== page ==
Our anticipation that 2017 would mark the transition from Phase One
(raising the U.S. federal funds rate, an influence on interest rates in the
U.S., Canada, and worldwide, from 0%-0.25% to 1.00%-1.25%) to Phase Two was
based on a view that the U.S. labour market would continue to gradually
tighten this year and financial conditions improve, even without a strong
rebound in inflation. That outlook has been generally on point.
Shrinking the Fed’s balance sheet
Most market observers now anticipate an appropriate, gradual, and smooth
unwinding of the Fed’s balance sheet that is unlikely to give the financial
markets pause. I agree with “appropriate” and “gradual.” The third
adjective, “smooth,” is what worries me.
To be fair, the Fed has taken a number of steps to mitigate market impacts:
* A transparent forward-guidance strategy.
* A slow schedule for unwinding – initially by only about $7.7 billion per
month of U.S. Treasury notes and $5.3 billion of mortgage-backed securities
(MBS). This will eventually rise to about $38 billion per month and $26
billion per month, respectively, compared with average daily
trading volume of more than $635 billion in the Treasury market and more
than $255 billion in the MBS market.
* An intent not to sell securities but simply to decrease the amount it
reinvests from maturing securities.
* A likelihood of settling on an optimal balance-sheet size that is
significantly higher than pre-crisis levels (we expect it to be in the
$3.8-$4.5 trillion range, up from about $1 trillion).
Phase Two risks
To be clear, we believe that the Fed’s course of action in beginning to
taper its balance sheet is appropriate given the state of the U.S. labour
market and the strength in financial conditions. But I believe we should
all be prepared for a potential uptick in volatility during this monetary
policy phase. No major central bank has yet successfully reversed
quantitative easing, or QE (the Bank of Japan’s balance sheet is higher
today than a decade ago), so we shouldn’t take for granted that this will
be easy and uneventful.
With the balance sheet at an unprecedented size (see chart above), passing
this second milestone without materially affecting financial conditions or
roiling the markets could well prove a bigger challenge for the Fed than
starting to raise rates. Because the Fed’s QE programs helped to stimulate
asset prices and the search for yield (sometimes clinically referred to as
the “portfolio rebalancing effect”), I believe it is reasonable to expect
some choppy waters in the months ahead as some of the oxygen is let out of
Where we’re headed
The Fed would clearly like to return to more normal monetary policy
conditions and has taken pains to lay out how it expects to get there.
Phase Two is part of that plan. Most believe that the well-telegraphed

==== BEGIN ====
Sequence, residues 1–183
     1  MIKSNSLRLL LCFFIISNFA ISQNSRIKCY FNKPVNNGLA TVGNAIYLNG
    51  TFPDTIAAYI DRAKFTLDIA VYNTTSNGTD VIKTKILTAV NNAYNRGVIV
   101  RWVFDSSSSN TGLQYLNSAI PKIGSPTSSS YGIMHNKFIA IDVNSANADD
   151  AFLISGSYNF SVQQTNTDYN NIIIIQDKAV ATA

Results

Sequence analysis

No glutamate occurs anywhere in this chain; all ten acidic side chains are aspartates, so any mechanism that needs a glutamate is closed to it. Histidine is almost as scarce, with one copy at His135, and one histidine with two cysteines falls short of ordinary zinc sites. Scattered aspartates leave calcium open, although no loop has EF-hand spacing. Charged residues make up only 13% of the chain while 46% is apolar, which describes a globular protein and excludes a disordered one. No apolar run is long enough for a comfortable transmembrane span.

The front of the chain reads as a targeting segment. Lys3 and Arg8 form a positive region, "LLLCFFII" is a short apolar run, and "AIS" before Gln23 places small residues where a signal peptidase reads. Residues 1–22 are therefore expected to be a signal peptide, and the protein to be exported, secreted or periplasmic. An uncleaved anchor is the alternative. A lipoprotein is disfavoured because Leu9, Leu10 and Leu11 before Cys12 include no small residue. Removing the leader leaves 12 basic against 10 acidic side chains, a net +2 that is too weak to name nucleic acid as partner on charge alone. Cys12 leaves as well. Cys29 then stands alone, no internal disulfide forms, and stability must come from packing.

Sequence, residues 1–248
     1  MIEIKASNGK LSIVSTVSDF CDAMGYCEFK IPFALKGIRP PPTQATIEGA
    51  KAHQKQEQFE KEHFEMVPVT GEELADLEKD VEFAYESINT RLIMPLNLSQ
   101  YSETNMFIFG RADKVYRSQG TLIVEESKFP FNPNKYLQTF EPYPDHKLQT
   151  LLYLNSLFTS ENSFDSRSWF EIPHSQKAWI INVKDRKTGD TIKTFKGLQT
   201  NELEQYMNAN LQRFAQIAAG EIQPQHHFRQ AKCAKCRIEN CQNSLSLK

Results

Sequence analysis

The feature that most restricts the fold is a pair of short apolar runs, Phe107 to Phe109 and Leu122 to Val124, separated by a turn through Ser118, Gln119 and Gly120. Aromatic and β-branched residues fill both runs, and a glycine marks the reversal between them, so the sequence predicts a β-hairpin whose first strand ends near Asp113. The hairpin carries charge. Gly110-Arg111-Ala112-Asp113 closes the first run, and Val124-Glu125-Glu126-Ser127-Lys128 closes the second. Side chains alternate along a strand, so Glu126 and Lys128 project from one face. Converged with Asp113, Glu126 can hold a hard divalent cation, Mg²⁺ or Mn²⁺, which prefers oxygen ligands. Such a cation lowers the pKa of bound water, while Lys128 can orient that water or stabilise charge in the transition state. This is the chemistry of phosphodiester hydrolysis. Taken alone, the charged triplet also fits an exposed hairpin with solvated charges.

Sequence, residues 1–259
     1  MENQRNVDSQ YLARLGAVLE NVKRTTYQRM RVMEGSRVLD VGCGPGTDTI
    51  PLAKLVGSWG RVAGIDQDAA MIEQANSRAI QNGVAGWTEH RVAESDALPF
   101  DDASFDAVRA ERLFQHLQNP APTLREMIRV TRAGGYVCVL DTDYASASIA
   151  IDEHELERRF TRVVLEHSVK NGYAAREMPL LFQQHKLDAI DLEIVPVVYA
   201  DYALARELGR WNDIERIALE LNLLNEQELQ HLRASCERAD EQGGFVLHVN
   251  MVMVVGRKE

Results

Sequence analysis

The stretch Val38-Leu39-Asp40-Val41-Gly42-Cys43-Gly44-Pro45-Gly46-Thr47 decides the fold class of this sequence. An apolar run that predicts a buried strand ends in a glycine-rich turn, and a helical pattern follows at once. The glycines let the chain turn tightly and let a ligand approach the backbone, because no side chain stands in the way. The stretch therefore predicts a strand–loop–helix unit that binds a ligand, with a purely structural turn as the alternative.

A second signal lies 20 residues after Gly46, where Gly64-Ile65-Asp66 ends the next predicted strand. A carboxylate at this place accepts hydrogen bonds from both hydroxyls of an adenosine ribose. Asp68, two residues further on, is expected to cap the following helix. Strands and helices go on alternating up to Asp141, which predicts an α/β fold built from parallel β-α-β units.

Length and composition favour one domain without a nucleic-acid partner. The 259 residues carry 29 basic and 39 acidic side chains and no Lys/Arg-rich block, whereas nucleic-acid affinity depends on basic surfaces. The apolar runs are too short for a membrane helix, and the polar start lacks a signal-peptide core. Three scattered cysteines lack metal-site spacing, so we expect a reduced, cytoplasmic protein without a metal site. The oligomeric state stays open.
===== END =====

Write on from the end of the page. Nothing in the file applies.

tapering of the balance sheet will be a nonevent. Many economists,
including those at the Fed, see Phase Three – resuming the course of rate
hikes – occurring as early as December 2017.
Our view is different. For some time, we have felt that Phase Two would be
followed by an “extended pause” in rate hikes, leaving short-term rates
near 1.25% through the middle of 2018, if not longer. Whether our long-held
view proves correct will depend on a range of factors, including the pace
of future inflation, how quickly the unemployment rate declines below 4%,
and how supportive financial conditions are to the economic recovery.
The Fed is unlikely to raise the federal funds rate as it begins tapering
its balance sheet. Nonetheless, Phase Two should still be viewed as a
“tightening” in monetary conditions as it will reduce total Fed balance
sheet assets following several rounds of QE. To my mind, QE has been a
factor in the strong performance of various investments over the past
several years, including equities and bonds. Risk appetites, as measured by
cash flows, have been strong across the globe, and investors have been
rewarded for bearing that market risk.
But the combination of fully valued asset prices and low levels of market
volatility has generally not been indicative of strong future returns. In a
future blog, I will address the question of whether (and by how much) the
U.S. equity market has become overvalued.
Needless to say, we continue to maintain a guarded market outlook at
Vanguard, and we urge investors to stick to their balanced, long-run plan
whether or not my worries materialize. Let’s hope I am wrong.
Joseph H. Davis, PhD, is a Vanguard principal and the global head of
The Vanguard Group, Inc.’s Investment Strategy Group, whose research and client-facing team
develops asset allocation strategies and conducts research on the
capital markets, the global economy, portfolio construction and related
investment topics. As Vanguard’s global chief economist, Mr. Davis is
also a key member of the senior portfolio management team for Vanguard
Fixed Income Group, which oversees more than US$700 billion in assets
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